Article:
Which brings us back to OR7. When he crossed into California in December 2011, the Center for Biological Diversity and several other groups petitioned the state to add the gray wolf to its endangered species list. After several years of study, the prospects of state action do not look good, says Weiss. In an op-ed that ran in the Mercury News today she wrote:

The word out of Sacramento this week is that a preliminary state study undergoing peer review tries to make a case against protecting wolves. In fact, OR-7′s historic 500-mile journey from Oregon to California makes a very strong case for why wolves need protecting here, offering on-the-ground proof of what top researchers have said for decades: Recovering populations will return to California’s thousands of acres of prime, upland wolf habitat.

The question is, will California be prepared to manage them when they get here?

The California Fish and Game Commission is expected to decide in February whether wolves should be protected under the state’s Endangered Species Act. They’ll be using the preliminary state study that Weiss mentioned in her op-ed. According to a report from Capital Press, the study recommends against endangered species protections because currently, there aren’t any wolves in the state.

Should a wolf wander into California without being protected as a state or federal endangered species, it would be considered a “non-game” mammal, which means it can’t be hunted, but could be killed for causing property damage.

California is planning for more wolves. State officials have convened stakeholders including ranching, hunting and environmental groups to put together a statewide wolf management plan. The plan would look at where wolves could expand to in California and will examine how other states have managed conflicts between wolves and livestock.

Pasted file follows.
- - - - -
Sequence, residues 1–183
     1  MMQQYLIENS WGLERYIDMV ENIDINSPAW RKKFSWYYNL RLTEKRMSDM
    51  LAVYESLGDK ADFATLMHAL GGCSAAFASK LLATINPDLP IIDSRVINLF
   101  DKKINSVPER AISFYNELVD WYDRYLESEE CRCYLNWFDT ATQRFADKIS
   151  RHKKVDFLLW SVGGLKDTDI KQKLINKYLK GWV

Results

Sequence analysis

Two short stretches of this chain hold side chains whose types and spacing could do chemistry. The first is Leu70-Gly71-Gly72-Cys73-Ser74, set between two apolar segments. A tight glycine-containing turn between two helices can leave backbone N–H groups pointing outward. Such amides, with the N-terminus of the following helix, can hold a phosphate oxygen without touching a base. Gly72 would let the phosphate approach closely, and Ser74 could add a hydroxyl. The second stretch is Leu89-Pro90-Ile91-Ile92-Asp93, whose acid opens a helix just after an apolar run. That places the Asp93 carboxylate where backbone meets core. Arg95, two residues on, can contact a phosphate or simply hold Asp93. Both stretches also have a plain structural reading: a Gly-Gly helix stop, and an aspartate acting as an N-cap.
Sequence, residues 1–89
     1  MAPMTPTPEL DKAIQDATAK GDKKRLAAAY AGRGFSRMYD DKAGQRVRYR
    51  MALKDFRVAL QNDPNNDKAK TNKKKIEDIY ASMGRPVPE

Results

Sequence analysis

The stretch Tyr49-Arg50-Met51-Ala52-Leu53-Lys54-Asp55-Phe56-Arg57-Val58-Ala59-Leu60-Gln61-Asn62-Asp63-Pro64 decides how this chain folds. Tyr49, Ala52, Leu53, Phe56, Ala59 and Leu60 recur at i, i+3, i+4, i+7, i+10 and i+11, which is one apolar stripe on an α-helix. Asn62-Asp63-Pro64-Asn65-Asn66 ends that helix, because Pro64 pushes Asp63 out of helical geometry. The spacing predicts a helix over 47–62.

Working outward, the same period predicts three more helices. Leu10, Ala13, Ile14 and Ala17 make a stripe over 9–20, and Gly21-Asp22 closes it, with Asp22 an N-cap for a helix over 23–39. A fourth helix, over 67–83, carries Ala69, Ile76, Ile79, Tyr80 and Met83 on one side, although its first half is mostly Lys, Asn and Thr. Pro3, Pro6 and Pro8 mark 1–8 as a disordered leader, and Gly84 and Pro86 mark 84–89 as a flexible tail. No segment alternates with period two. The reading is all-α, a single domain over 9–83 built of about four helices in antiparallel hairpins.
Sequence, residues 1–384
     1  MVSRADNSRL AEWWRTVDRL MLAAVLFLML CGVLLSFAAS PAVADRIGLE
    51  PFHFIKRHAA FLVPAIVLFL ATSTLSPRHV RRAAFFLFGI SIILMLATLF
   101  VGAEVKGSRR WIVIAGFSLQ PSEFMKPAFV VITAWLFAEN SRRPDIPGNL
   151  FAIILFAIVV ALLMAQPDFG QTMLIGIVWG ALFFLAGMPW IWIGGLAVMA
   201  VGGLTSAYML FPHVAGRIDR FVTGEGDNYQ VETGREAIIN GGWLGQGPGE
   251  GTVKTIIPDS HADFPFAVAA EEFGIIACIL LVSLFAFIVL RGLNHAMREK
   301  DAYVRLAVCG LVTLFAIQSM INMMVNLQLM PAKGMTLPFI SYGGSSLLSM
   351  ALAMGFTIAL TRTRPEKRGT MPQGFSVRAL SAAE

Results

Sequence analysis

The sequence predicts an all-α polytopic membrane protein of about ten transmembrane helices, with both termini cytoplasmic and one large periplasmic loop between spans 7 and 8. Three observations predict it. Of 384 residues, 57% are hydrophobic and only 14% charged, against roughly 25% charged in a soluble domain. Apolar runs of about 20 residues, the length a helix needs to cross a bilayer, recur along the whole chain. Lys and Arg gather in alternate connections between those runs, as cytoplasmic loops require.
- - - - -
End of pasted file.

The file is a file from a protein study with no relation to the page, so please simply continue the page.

Hunting wolves is already allowed in the northern Rockies, and about 56 were killed in Wyoming this year, according to the Denver Post. Michigan held its first-ever wolf hunt last Friday — an effort, say state officials, to reduce wolf depredation.

A public hearing on the U.S. Fish & Wildlife Service proposal to delist the gray wolf from the Endangered Species Act will be held on Friday, Nov. 22, 6-8:30 p.m., the Marriott Courtyard Sacramento Cal Expo, Golden State Ballroom, 1782 Tribute Road, Sacramento. A rally by those opposed to the delisting is scheduled the same day at 4 p.m. at the entrance to the Marriott.

 

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  • NormMackey

    The US Fish and Wildlife reclassified wolves that had once lived in the eastern US as a new species Canis Lyacon “Eastern Wolf”, now only present in a thin stripe in SE Canada, to remove that area from consideration for Gray wolf recovery. Somehow they ignore that this means their “Eastern Wolf” would be an extremely rare and endangered unique species, but gets absolutely no protection as one. How do they get away with this?

  • 123tl78

    Yes it is.

  • julierl

    I believe it’s called gerrymandering when it refers to human populations.